Ask Derek Jeter about Yankee Stadium. Ask Mark Messier about Madison Square Garden. Ask Rachel Alexandra about Monmouth Park.
Ask those athletes what it’s like to perform in front of a packed house of adoring fans – what it’s like to look into the stands and see hundreds of signs with their names on them.
It’s a rare athlete who can make an impact on an audience – a rare athlete who can elicit such emotion from a group of people.
Derek Jeter does it every night in the Bronx. Mark Messier did it for 10 years in front of the Rangers faithful. And Rachel Alexandra overcame an afternoon thunderstorm and the eventual 3-year-old champion to do it last year on Haskell Day.
If you had to label a “home track” for superstar filly and Reigning Horse of the Year Rachel Alexandra, it would probably be Churchill Downs – the site of her 20 ¼-length Kentucky Oaks triumph last season.
But it’s hard to envision a bigger home track advantage or a more thunderous ovation than the one given to Rachel last year on Haskell Day.
Signs read, “I run like a girl…try to keep up.” T-shirts read, “Girls rule, guys drool. Go Rachel.”
The crowd that attended the 2009 Haskell came to cheer on royalty. Rachel Alexandra had won three consecutive Grade 1 races, including becoming the first filly in over 80 years to win the Preakness.
Maybe it was the fact that she beat the Kentucky Derby winner on national television. Maybe it was the filly versus the boys angle. Maybe it was charismatic jockey Calvin Borel.
Whatever it was, the Steve Asmussen-trained filly packed Monmouth Park with racing fans and Rachel fans alike.
There were lines for “Run Like a Girl” t-shirts. After every race, there were people asking Borel for autographs, which he graciously signed. And when Rachel won the Haskell – soundly defeating eventual Champion 3-Year-Old Summer Bird – the crowd reaction was simply electrifying.
The second Rachel crossed the wire, she became a Haskell legend. She joined Hall of Fame member Serena’s Song as the only fillies to win Monmouth’s biggest race. And the Monmouth Park fans were sure to convey their gratitude.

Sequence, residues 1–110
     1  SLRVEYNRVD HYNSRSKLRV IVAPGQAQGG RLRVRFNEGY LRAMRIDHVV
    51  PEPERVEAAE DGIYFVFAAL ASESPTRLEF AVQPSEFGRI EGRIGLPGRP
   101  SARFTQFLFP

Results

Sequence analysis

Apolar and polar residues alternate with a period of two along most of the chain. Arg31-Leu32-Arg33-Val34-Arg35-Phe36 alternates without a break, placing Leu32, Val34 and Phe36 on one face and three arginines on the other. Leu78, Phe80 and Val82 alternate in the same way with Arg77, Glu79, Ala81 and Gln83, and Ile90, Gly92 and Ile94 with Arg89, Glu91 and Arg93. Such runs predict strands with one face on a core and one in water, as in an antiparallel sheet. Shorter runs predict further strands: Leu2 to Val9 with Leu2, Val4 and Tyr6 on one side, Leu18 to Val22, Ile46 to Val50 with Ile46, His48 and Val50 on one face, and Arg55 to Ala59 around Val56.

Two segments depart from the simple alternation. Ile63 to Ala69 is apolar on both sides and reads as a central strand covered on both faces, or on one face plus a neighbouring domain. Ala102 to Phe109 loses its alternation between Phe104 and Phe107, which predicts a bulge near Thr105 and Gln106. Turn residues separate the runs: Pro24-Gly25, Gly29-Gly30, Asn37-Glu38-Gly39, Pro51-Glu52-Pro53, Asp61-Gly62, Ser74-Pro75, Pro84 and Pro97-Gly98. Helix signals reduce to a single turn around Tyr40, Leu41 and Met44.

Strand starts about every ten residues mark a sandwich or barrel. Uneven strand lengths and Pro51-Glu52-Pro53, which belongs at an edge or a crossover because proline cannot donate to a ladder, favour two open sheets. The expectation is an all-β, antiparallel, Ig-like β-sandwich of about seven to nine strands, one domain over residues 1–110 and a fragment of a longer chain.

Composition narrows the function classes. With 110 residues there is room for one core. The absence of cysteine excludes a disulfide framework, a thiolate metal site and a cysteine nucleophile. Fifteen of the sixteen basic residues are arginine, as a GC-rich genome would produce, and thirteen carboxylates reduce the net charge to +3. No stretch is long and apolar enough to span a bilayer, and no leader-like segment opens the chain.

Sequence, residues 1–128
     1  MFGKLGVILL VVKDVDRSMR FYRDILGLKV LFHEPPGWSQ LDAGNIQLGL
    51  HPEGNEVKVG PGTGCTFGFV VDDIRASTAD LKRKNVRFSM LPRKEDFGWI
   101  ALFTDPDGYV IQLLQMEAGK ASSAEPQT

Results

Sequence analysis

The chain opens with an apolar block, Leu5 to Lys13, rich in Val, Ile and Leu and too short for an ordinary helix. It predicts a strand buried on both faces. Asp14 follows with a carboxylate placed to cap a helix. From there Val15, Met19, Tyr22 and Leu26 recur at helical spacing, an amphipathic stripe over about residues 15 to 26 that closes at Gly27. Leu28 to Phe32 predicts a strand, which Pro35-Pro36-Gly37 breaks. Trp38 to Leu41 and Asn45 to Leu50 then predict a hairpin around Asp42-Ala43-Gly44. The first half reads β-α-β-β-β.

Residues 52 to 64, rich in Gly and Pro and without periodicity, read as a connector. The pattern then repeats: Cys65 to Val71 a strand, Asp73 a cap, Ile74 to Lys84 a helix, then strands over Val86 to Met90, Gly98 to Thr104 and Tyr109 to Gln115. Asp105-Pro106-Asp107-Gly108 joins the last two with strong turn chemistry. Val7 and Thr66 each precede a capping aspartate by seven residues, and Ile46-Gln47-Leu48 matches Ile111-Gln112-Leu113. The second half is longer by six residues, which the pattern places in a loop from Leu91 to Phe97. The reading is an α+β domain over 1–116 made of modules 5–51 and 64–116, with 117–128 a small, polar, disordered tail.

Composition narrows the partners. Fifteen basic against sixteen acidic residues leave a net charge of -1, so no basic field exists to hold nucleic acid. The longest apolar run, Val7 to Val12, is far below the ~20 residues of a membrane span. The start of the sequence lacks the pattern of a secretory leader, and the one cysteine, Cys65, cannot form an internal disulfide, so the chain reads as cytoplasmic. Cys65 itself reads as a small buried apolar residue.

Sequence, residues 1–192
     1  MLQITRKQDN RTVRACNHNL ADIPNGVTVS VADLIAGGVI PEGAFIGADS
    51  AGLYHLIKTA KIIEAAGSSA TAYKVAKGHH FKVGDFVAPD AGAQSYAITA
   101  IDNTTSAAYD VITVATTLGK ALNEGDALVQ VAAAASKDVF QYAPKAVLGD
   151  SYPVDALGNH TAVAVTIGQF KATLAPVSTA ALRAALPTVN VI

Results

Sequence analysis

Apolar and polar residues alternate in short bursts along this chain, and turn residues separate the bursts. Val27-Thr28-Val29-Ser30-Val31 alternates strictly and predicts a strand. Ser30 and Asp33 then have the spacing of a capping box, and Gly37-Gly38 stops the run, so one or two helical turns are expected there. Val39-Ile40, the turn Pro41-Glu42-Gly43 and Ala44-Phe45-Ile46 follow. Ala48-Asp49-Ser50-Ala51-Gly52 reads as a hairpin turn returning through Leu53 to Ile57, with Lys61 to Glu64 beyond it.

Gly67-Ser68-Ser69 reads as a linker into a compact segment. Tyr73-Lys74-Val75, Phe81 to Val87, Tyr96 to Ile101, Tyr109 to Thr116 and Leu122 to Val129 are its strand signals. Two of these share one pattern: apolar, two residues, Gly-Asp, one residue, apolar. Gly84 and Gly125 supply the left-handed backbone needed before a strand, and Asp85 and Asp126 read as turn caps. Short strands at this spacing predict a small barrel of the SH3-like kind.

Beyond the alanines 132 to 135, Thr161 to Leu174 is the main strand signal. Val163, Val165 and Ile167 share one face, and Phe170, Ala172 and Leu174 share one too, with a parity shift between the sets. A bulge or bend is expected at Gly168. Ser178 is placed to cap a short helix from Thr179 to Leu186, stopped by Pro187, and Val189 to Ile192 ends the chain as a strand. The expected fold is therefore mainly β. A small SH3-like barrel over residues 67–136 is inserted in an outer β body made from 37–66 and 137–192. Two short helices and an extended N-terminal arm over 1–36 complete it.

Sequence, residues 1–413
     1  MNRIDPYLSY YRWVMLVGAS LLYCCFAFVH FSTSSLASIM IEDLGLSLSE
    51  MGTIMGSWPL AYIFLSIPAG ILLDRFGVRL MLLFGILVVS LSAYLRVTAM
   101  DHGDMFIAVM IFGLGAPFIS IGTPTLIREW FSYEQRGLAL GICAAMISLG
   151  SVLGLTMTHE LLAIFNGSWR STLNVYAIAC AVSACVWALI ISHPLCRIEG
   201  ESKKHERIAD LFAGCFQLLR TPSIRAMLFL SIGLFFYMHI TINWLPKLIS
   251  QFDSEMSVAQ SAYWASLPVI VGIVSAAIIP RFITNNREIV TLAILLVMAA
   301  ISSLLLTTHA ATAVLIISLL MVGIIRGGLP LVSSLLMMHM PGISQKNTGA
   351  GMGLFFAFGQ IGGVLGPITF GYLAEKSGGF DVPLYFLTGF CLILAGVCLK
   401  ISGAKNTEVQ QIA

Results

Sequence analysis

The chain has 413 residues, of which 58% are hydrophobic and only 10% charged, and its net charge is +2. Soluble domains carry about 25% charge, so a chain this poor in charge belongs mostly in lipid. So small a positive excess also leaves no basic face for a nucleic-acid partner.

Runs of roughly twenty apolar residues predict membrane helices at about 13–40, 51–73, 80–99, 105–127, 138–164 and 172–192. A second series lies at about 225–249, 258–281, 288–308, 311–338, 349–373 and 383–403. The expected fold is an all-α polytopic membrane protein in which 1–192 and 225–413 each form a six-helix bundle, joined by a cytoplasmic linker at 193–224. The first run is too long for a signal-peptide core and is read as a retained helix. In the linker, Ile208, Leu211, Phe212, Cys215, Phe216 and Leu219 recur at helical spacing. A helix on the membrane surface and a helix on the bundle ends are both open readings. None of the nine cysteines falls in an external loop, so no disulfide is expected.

Spurred on by an exhilarated Borel, the loyal Monmouth Park fans – not at all hampered by earlier torrential downpours – serenaded Rachel Alexandra into the winner’s circle with a heroine’s welcome.
Saturday, Rachel Alexandra returns to Monmouth Park for the $400,000 Lady’s Secret Stakes. She returns a Haskell Champion and a Horse of the Year.
There will inevitably be catchy t-shirts and flashy signs. There will be autograph seekers and picture requesters. There might even be a celebrity or two.
Maybe it’s because Rachel’s a filly. Maybe it’s her personable jockey.
Or maybe Rachel Alexandra is one of those rare athletes who can impact an audience – an athlete who can entertain, energize and inspire all at the same time.
One thing Monmouth Park fans know for sure: she’s back.
Brad Thomas’ Thursday Theories
While the Haskell Invitational has been renowned for its importance in helping to define the 3-year-old crop since its first running in 1968, its history also provides hard examples of the evolution of handicapping theory.
In 1981, the notion of track bias was just beginning to creep into mainstream horseplaying. The Haskell had a 6-horse field, but the race really boiled down to a battle between 1980 Juvenile champion Lord Avie, a true stretch-runner, and up-and-coming speedster Five Star Flight, who figured to make a clear early lead and then pray for the wire.